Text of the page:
Ottawa continues to produce and deliver some of the highest quality and safest drinking water in the world, according to a report received by the Environment and Climate Protection Committee.

For the fifth year in a row, the Ottawa’s drinking water systems were rated as 100 per cent in conformance with the quality management system by a third-party accreditation body. By adopting new procedures, Ottawa has also decreased the amount of time residents are without water service during watermain breaks.

Despite increasing levels of nitrates in the Shadow Ridge well system in Greely, water from the well system is still safe to drink and well within safe drinking water standards. The City is planning to drill into a deeper aquifer to provide a new source well for the Shadow Ridge water system.

Submitted to committee by Tammy Rose, director of Water Services, the report states that, “the long-term trend for nitrate increase [in Shadow Ridge] has been 0.30 – 0.40 milligrams per Litre every year. If the trend continues at that same rate, the wells would reach the drinking water maximum acceptable concentration (MAC) of 10 milligrams per Litre in 12 to 15 years.”

The Committee considered an update and presentation on how the City maintains its drinking water, stormwater, and wastewater assets. The total replacement value of these assets is nearly $21 billion. This infrastructure is needed so the city can deliver essential services to residents, businesses and visitors. As reported by Water Canada last October, in order to maintain its water assets, Ottawa has updated its water, wastewater, and stormwater rate structures.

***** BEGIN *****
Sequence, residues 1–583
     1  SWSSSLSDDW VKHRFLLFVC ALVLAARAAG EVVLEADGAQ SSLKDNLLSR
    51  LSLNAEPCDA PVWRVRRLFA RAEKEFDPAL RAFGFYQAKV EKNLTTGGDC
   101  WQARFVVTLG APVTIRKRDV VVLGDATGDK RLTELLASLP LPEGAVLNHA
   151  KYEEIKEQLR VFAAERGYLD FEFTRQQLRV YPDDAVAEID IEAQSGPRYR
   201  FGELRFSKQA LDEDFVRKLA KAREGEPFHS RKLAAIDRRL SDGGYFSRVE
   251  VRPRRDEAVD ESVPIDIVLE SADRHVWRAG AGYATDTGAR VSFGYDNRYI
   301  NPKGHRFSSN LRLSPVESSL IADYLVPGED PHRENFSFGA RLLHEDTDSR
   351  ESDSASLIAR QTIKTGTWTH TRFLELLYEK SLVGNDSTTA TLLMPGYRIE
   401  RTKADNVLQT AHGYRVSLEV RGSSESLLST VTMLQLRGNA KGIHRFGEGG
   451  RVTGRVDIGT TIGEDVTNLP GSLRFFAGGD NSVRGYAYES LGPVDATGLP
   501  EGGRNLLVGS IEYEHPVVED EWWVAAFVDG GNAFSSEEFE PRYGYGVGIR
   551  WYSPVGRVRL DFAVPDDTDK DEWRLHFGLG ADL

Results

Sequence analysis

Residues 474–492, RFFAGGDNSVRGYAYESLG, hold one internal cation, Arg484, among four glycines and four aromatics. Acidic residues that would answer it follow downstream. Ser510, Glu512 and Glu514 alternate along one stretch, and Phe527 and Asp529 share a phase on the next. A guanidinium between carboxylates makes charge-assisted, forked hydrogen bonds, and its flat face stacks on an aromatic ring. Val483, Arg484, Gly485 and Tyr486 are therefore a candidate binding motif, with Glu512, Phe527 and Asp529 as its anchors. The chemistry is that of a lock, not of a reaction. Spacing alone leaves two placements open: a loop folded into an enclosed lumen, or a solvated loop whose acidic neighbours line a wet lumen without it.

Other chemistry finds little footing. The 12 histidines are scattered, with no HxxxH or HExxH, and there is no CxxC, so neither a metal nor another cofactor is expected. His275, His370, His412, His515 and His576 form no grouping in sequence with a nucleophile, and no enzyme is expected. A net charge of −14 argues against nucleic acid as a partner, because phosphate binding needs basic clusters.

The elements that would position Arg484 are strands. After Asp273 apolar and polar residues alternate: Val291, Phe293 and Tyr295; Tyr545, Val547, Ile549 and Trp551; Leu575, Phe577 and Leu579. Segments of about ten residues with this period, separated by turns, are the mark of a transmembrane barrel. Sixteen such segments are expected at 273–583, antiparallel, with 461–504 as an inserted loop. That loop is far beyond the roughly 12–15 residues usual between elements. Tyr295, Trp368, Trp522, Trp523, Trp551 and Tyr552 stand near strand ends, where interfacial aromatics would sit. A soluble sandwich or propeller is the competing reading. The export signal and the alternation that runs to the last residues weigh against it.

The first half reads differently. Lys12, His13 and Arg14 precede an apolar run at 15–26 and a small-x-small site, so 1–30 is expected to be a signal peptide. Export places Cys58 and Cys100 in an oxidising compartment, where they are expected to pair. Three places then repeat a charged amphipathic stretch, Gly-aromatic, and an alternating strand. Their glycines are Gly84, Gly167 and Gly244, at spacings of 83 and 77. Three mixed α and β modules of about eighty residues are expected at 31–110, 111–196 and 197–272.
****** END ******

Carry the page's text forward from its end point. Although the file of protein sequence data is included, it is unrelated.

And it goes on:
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Over the past 15 years, Ottawa has renewed the sanitary and storm sewer networks in several neighbourhoods that had experienced flooding. None of those neighbourhoods have since experienced system-wide flooding.

The Committee also considered the long-range financial plan for water, wastewater and stormwater capital investments needs. To continue to maintain these assets in good repair, the City will raise water, wastewater and stormwater rates by a combined average of 4.8 per cent over the next 10 years. This increase is lower than the average of 5.7 per cent forecast in the 2012 plan.

The Committee referred both the update and the plan to City Council. These and the other reports received by the Committee requiring Council’s receipt or approval will be considered by Council at its meeting on Wednesday, September 27.

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